- Indonesia's Population: Ethnicity and Religion in a Changing Political Landscape
This is a most interesting book to all students of Indonesian society. It presents data on religion and ethnicity collected in the 2000 Indonesian census in an accessible way. The 2000 census was the first since the colonial Volkstelling of 1930 to collect information on ethnicity. Although Indonesia is one of the worlds most ethnically heterogeneous nations both the Orde Lama of President Sukarno and Orde Baru of President Suharto eschewed recognition of ethnic groups in the interest of developing national unity. Hence the data examined in this book have been long awaited by many Indonesianists. The book is wholly descriptive and does not attempt any in depth interpretation of the data relating to religion and ethnicity. It is profusely documented with 116 tables and 86 diagrams in 190 pages of text and the bulk of the text is descriptions of those data. The data are taken from the 31 published volumes of the Indonesian census (one for each province and for Indonesia as a whole). The Indonesian 2000 census was the first post independence census which was a total count for all questions although it did suffer from a high rate of non response and through the inability of census takers to enter some insecure regions outside of Java. Nevertheless, as the authors point out, the published data from the 2000 populations census have provided a significant breakthrough in the understanding of ethnicity in Indonesia.
The book is divided into six chapters. The first summarises the main features and limitations of the data sets used and outlines the ethnic profile of Indonesia as revealed by that data. The extent of the nation's ethnic diversity is reflected in the fact that there are more than 1000 ethnic groups and sub groups with 15 having at least one million Indonesian citizens. Numbers are provided for 101 groups the largest being the Javanese (41.71 percent of the national population with 83,865,924) down to the Gebi Gebi with 2,903 persons. The growth rates of each group are estimated through careful comparison with the 1930 colonial census and some interesting variations are discussed. A number of example provinces are examined to show the huge differences not only in the ethnic make-up of the provinces but also in the degree of ethnic heterogeneity. In Central Java for example 97.96 percent of Indonesian citizens are Javanese while in East Nusatenggera the largest single group, the Atoni Merto make up only 14.95 percent of the population.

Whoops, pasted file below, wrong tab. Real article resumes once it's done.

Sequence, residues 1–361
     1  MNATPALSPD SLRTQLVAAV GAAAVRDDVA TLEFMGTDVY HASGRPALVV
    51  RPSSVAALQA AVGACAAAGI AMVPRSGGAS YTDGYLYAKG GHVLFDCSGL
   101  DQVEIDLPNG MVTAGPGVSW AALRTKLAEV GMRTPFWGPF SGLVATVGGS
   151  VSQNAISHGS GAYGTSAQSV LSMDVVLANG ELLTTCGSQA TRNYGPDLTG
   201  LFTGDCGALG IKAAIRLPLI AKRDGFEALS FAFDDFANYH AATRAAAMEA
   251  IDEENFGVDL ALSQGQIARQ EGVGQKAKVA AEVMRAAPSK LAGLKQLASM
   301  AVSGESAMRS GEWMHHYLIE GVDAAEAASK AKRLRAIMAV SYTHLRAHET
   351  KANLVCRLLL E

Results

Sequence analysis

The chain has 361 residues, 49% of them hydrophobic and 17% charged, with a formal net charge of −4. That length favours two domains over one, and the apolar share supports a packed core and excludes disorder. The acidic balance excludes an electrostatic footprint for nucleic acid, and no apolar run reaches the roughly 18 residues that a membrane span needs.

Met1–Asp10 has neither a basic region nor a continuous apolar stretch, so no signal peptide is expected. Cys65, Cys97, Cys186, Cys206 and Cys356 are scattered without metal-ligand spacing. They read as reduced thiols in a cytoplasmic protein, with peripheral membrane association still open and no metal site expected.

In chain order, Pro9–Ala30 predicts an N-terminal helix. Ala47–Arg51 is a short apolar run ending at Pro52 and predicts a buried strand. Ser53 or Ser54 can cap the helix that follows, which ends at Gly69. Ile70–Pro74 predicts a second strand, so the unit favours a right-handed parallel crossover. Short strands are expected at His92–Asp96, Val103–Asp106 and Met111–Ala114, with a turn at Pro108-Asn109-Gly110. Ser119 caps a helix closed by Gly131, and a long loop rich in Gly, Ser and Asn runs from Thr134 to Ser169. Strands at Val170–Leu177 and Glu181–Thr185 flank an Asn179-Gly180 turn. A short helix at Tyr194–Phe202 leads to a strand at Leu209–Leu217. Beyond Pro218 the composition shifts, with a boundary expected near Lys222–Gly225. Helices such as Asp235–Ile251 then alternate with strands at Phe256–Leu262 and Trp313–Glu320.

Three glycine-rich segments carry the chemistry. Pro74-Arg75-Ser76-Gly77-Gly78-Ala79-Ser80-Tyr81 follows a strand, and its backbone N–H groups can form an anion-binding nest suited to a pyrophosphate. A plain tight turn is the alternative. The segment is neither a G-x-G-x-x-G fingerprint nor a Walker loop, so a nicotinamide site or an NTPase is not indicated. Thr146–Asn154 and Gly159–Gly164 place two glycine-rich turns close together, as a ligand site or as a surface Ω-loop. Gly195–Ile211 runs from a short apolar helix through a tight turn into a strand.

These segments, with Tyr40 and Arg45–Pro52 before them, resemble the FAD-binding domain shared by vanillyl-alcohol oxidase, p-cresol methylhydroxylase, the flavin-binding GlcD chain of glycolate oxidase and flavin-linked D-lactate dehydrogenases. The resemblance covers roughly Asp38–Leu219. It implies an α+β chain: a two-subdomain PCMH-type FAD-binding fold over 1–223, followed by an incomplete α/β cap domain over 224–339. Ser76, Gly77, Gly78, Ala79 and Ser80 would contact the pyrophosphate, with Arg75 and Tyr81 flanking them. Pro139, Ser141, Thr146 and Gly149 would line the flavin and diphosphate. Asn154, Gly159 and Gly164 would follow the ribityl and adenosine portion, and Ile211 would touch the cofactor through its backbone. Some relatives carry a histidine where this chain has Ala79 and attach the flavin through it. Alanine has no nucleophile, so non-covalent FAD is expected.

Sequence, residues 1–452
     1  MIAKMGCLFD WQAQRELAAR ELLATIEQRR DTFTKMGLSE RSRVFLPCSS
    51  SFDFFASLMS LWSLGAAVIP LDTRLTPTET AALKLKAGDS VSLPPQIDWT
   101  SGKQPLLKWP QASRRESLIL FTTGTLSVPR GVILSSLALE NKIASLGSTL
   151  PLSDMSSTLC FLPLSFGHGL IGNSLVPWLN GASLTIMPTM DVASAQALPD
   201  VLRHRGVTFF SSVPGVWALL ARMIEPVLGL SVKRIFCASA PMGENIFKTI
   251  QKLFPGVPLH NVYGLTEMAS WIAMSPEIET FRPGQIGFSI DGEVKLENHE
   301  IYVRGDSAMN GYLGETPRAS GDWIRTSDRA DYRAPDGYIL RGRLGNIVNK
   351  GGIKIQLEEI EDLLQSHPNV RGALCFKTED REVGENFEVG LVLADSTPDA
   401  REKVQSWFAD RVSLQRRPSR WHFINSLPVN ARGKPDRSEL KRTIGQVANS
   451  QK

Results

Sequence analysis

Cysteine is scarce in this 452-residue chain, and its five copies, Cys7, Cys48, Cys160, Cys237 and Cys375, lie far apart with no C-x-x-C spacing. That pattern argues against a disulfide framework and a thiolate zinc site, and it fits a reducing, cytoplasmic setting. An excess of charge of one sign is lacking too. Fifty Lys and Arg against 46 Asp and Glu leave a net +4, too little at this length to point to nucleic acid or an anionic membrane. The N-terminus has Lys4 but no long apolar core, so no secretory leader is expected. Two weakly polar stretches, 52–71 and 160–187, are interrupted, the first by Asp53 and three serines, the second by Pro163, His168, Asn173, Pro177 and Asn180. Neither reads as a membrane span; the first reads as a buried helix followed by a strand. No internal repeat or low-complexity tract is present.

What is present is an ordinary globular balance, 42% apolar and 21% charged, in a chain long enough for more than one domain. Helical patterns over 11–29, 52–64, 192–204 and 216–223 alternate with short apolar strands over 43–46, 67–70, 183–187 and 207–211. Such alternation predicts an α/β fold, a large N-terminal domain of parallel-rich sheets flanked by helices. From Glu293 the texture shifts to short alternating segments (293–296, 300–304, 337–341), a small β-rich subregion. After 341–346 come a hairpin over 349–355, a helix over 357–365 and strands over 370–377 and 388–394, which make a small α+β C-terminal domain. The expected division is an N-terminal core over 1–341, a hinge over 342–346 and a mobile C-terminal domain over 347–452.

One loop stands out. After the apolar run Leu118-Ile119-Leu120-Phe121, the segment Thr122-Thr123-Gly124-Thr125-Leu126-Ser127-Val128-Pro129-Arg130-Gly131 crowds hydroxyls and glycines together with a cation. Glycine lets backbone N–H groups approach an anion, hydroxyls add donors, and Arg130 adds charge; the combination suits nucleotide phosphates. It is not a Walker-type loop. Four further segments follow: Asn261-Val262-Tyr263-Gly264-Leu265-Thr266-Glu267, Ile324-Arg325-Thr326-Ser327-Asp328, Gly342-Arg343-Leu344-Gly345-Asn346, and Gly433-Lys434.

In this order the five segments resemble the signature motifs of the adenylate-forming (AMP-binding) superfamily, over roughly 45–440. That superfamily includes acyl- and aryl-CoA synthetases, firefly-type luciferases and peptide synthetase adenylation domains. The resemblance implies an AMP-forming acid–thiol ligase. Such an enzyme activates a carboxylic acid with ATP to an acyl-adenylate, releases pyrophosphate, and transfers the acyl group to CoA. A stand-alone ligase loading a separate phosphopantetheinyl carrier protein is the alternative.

Chapter two takes the eleven largest ethnic groups and systematically examines their growth, age structure, the proportion living in each province and the proportion that they make up of the provinces population. The impact of transmigration and other internal migration is seen in the fact that the Javanese are easily the most dispersed population hence, as the authors suggest, exploding the myth that Javanese are unprepared to move away from their home areas. Indeed one interesting dimension of this chapter is the evidence that it provides of internal population movement within Indonesia during the post independence years. Other groups examined are the Sundanese, Malay, Madurese, Batak, Minangkabau, Betawi, Buginese, Bandenese, Banjarese and Balinese.
Since the 1930 census there has been great speculation about the size of Indonesia's ethnic Chinese [End Page 45] population. Chapter three is devoted to an estimation of the size, growth patterns, age structure, distribution and concentration of the ethnic Chinese. The authors estimate its size to be between 1.45 and 2.05 percent of the national population but probably around 1.5 percent - somewhat lower than many previous estimates. Its slow growth is attributed to low fertility, significant emigration and severe under identification among Indonesia's ethnic Chinese. Chapter four analyses the religion data for the 2000 census, which while the ethnicity data only applied to Indonesian citizens, was collected for all Indonesians. It examines the size...